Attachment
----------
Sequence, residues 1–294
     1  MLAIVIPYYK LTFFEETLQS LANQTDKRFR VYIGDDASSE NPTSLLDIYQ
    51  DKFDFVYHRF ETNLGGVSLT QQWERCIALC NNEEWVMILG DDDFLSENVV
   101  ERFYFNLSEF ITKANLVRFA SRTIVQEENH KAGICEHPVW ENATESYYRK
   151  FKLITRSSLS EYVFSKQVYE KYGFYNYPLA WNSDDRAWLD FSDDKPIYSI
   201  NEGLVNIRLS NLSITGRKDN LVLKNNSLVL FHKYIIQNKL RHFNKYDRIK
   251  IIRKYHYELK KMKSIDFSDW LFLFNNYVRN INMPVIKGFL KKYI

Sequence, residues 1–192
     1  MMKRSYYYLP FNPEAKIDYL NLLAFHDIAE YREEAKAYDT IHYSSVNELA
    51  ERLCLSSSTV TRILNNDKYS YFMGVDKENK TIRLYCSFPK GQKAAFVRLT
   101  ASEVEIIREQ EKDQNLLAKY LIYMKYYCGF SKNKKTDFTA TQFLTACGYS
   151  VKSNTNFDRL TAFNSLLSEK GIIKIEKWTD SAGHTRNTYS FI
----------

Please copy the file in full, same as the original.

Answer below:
Sequence, residues 1–294
     1  MLAIVIPYYK LTFFEETLQS LANQTDKRFR VYIGDDASSE NPTSLLDIYQ
    51  DKFDFVYHRF ETNLGGVSLT QQWERCIALC NNEEWVMILG DDDFLSENVV
   101  ERFYFNLSEF ITKANLVRFA SRTIVQEENH KAGICEHPVW ENATESYYRK
   151  FKLITRSSLS EYVFSKQVYE KYGFYNYPLA WNSDDRAWLD FSDDKPIYSI
   201  NEGLVNIRLS NLSITGRKDN LVLKNNSLVL FHKYIIQNKL RHFNKYDRIK
   251  IIRKYHYELK KMKSIDFSDW LFLFNNYVRN INMPVIKGFL KKYI

Sequence, residues 1–192
     1  MMKRSYYYLP FNPEAKIDYL NLLAFHDIAE YREEAKAYDT IHYSSVNELA
    51  ERLCLSSSTV TRILNNDKYS YFMGVDKENK TIRLYCSFPK GQKAAFVRLT
   101  ASEVEIIREQ EKDQNLLAKY LIYMKYYCGF SKNKKTDFTA TQFLTACGYS
   151  VKSNTNFDRL TAFNSLLSEK GIIKIEKWTD SAGHTRNTYS FI